Manama: Kuwait’s Emir has pledged to accept a ruling by the Constitutional Court on his amendment of the 2006 electoral law.
“Regarding a reported move by some Kuwaitis to challenge the amendment decree, I do laud this civil tendency and declare before the people of Kuwait that I accept the decision by the Constitutional Court even if it is contrary to my assessment,” Shaikh Sabah Al Ahmad said. “Our respect for and appreciation of the judicial system are steady and definite and our commitment to implementing its provisions is genuine. We will accept any court decision willingly. Upholding what is right is a virtue,” the Emir said on Wednesday as he received a delegation of professors and academics.
Kuwait has been sourly divided after the Constitutional Court dismissed the parliament elected in February and reinstated the legislative house voted in last February.
The court ruled that the decrees dismissing the 2009 parliament and the calling for elections in February were unconstitutional.
However, the reinstated parliament failed to convene and the government sought to amend the 2006 electoral law by changing the five constituencies and reducing the number of ballots a vote can cast.
The Emir issued a decree that did not affect the constituencies, but reduced the number of candidates a voter can elect from four to one.
The government argued that the new system would ensure a fairer representation of the nation in parliament, recently dominated by Islamists and tribal figures.
In the 2012 parliament, they held 35 of the 50 seats.
However, the opposition said that the amendment would ensure the election of a more government-friendly parliament and vowed to seek to change it.
Two public rallies were held in October and November, but both ended in clashes between demonstrators and police as well as injuries on both sides.
A third rally is planned for November 30, hours before the nation is scheduled to elect 50 MPs.
The opposition has also been pushing for a boycott of the elections in a bid to secure a low turnout that would cast doubts on the merit of the new parliament.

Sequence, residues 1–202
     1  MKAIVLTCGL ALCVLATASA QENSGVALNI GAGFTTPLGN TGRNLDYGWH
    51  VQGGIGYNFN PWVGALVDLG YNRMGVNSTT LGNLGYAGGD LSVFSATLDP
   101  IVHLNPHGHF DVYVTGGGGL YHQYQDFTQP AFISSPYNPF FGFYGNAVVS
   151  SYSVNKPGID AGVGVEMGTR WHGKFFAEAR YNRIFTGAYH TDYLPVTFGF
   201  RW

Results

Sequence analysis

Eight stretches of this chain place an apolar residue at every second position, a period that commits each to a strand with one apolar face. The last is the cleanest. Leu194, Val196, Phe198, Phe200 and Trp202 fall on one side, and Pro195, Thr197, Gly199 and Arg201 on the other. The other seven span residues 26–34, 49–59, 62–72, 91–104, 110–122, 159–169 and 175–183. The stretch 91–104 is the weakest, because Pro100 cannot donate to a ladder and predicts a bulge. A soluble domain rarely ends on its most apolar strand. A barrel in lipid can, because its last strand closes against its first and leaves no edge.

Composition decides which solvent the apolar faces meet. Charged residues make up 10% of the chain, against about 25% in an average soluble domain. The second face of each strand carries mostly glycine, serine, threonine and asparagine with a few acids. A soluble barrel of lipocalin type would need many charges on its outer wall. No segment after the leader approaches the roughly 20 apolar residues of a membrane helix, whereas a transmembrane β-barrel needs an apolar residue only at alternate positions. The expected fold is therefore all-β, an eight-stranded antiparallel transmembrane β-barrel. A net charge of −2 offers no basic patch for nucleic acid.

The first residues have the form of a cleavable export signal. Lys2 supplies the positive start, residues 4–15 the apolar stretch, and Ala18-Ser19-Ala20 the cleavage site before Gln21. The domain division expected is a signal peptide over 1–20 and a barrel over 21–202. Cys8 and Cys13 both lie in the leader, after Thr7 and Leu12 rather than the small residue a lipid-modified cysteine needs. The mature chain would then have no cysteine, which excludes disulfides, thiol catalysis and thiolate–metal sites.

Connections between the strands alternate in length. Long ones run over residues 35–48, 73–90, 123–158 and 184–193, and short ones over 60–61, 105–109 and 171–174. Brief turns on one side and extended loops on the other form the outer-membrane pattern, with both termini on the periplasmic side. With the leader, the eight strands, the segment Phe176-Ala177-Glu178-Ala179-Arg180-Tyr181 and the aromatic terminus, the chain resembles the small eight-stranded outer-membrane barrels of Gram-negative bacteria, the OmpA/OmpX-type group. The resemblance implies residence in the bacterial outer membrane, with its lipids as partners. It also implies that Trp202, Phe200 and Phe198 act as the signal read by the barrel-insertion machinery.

Reports emerged that some figures took the amendment decree to the Constitutional Court to declare it unconstitutional.
The tense situation between those who supported and those who opposed the elections has caused unprecedented unease in the country.
“I am, just like you, pained by the tension gripping our country and society these days,” the Emir said. “When we look at the causes and nature of the differences, we do praise God that they are not related to an abuse of our essential concepts or an assault on our values of justice, freedom or equality or a transgression of our constitution, laws or national ideals. The differences are related to a decree that amended the electoral system and that was issued by the head of the state based on his national responsibilities and his clear prerogatives as stipulated by the constitution. I have assessed the need to address a defect that has spoiled the electoral system. Its negative aspects were proven during three consecutive parliaments,” he said.
Shaikh Sabah said that it was his national duty and constitutional right to make decisions that serve the nation’s interests, security and stability within the confines of the constitution and laws.
“That’s what I did in the absence of the parliament. The constitution has guaranteed the right to challenge the decree at the Constitutional Court,” he said. “In addition, the constitution states that the decree be reviewed by the next parliament at its first session and the lawmakers have the right to endorse it or to reject it. The MPs have an additional third option by filing a motion to amend the electoral system,” he said.
Shaikh Sabah insisted that emergency decrees were not a traditional law or an absolute right and there were invariably under the sight of the parliament and the view of the Constitutional Court.
“I do state loud and clear that I do accept the ruling by the Constitutional Court and the decision by the parliament. So where is the problem? Where is the great tragedy that has prompted calls to take to the street? Why is there chaos and riots and why do we have all the screaming and wailing? Why are the state businesses disrupted and the people’s interests harmed? Is the street the best place to discuss these matters, and do such tense conditions allows us to reach the best solutions? Why is there so much negativity and why do we have calls for the boycott of the elections? Be positive and do take part in the elections by choosing the best candidates.”
For the Emir, aged 83, Kuwaitis should devote their time and energy to addressing increasing challenges and lurking dangers.
“We have formidable challenges and ominous dangers around us, such as combating corruption, a comprehensive overhaul of the state agencies, the education system, public services, health, electricity, water, transport, roads, thousands of houses, thousands of annual employment opportunities for our sons and daughters,” he said. “We also have the duty to protect our country from lurking dangers, from the earthquakes rocking the Arab world and the threats that are about to turn our region into a bloody conflict area. We want to have the time and the energy to confront these challenges and threats and not to be preoccupied with artificial crises and internal disturbances,” Shaikh Sabah said.